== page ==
2018 TRUE WEST AWARDS, Day 12
Maverick gambles on resident acting company and throwback plays – and audiences, critics and donors back her play
It would be enough to recognize Lynne Collins with an award simply for directing good plays – after all, she was nominated by the Colorado Theatre Guild’s Henry Awards for two plays she directed in 2018, and she won for her imaginative take on Sense & Sensibility – on wheels.
But also worth noting is that since Collins was hired by the Arvada Center in 2016 to launch a year-round company of resident actors, attendance at Arvada Center plays – long secondary to Rod Lansberry’s magnificent musicals – is up 40 percent.
And not simply because if you build it, they will come. Collins made it happen in collaboration with the Arvada Center’s development department in a way few creative staff ever bother.
“Lynne has changed the (play program) dramatically through her audience-engagement efforts that were not being done previously,” said Teresa YoKell, the Arvada Center’s Vice President of Advancement, referring to pre-show talks, talkbacks and behind-the-scenes events. As Collins began locking up some of the area’s best actors for an old-school repertory season that runs in earnest from February through May, the development department parlayed the new mission into unprecedented fundraising opportunities, including an “adopt an actor” program.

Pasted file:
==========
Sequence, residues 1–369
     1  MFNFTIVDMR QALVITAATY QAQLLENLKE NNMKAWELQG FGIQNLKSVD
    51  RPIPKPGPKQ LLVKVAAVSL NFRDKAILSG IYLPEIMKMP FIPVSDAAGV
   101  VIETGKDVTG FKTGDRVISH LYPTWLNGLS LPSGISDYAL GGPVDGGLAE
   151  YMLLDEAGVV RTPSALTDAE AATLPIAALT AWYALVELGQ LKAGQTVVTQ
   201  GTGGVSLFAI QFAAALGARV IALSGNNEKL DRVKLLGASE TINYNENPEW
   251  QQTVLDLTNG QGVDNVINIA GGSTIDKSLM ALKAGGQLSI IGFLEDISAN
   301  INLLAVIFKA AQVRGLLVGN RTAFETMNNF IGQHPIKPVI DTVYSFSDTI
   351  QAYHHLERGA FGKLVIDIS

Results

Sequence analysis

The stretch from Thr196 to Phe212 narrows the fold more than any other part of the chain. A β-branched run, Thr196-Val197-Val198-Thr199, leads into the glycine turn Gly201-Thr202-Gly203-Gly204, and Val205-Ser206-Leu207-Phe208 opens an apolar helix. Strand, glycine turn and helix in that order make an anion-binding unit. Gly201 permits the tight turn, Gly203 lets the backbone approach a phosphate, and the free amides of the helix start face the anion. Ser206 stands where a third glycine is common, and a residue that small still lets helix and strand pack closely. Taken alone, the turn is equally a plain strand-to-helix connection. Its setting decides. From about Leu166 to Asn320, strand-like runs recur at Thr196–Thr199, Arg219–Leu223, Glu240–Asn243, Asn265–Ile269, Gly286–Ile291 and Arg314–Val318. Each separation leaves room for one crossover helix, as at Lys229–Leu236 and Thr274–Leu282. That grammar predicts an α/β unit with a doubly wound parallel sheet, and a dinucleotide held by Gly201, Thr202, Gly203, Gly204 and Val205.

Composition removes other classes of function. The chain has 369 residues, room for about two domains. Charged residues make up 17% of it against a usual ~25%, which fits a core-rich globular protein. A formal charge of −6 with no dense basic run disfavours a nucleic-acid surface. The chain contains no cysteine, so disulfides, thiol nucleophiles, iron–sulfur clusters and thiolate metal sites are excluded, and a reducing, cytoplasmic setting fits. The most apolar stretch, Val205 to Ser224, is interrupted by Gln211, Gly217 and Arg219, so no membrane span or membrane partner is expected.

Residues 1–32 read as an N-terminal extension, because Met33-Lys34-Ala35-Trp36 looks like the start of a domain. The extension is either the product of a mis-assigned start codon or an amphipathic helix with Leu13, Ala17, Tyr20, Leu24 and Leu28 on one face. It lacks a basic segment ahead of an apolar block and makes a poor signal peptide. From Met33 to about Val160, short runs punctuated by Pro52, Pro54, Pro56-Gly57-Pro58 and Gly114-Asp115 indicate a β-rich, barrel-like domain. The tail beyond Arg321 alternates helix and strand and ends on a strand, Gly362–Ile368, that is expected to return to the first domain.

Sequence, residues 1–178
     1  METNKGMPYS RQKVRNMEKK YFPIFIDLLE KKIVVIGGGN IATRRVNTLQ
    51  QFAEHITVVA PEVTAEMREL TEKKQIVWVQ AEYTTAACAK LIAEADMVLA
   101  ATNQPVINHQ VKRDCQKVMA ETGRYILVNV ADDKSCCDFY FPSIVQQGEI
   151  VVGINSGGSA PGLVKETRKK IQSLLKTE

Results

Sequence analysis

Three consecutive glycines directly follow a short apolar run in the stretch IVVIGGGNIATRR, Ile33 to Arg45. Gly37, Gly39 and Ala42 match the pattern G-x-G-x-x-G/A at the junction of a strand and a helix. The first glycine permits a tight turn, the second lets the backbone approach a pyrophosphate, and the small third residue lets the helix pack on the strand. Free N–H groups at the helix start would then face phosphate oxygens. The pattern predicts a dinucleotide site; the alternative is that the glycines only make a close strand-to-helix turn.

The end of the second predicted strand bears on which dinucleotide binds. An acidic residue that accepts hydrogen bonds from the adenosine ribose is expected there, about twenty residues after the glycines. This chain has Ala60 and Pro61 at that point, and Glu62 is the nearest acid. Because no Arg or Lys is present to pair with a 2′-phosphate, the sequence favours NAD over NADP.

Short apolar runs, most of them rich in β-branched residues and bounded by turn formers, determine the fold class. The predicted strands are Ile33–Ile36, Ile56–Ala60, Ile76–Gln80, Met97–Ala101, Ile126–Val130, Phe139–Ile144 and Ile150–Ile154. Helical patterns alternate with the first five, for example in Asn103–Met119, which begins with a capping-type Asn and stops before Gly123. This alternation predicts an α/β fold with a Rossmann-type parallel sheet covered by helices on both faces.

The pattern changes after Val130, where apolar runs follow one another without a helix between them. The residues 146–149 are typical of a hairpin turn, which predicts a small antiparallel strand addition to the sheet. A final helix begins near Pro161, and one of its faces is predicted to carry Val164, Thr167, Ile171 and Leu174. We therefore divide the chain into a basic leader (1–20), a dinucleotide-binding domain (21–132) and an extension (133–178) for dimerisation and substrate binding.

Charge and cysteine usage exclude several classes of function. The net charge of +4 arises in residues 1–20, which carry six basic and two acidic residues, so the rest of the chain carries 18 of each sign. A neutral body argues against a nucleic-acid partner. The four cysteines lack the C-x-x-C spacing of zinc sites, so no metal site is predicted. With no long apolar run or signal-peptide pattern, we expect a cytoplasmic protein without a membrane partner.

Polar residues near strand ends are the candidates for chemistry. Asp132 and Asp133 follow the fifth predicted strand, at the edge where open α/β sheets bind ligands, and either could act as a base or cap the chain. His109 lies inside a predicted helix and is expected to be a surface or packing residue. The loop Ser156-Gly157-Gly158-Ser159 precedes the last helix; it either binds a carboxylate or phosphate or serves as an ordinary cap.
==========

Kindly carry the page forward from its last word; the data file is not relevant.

“Prior to Lynne joining the team, we had very little philanthropic support for plays,” YoKell said. “This is the first season we were able to get an underwriter for every play.”
That is huge. “Three years ago, we had no sponsors attached to specific productions,” she said. “Funding increases significantly when relationships are nurtured by not only the development staff but the artistic staff as well. Lynne loves and takes pride in her work, and it shows.”
The end result, said Arvada Center Director of Communications Marcus Turner: “Lynne has nearly tripled the number of donations given to the Arvada Center to support the production of plays.”
None of which would much matter if those plays weren’t good. But the Arvada Center’s focus on revisiting (mostly) classic plays has been well-received by audiences, critics and judges. Sense & Sensibility was the Henry Awards’ most-honored play of the 2017-18 season, winning for Outstanding Production of a Play, Outstanding Ensemble and Outstanding Direction.
Collins’ precisely timed staging was more than an old-fashioned Jane Austen comedy of manners pitting heart versus head. It was “a very physical, mannered dance, performed with distinction by a gifted cast,” wrote Joanne Ostrow of The Denver Post. All of the set pieces were placed on wheels and twirled in precise choreography, steered by frenetic actors sometimes holding on by their ankles. Ostrow called the effort “a dizzying, delightful spectacle.”
Collins also was nominated for directing Arthur Miller’s All My Sons. Combined with Lansberry’s musicals, the Arvada Center garnered a record 29 Henry Award nominations.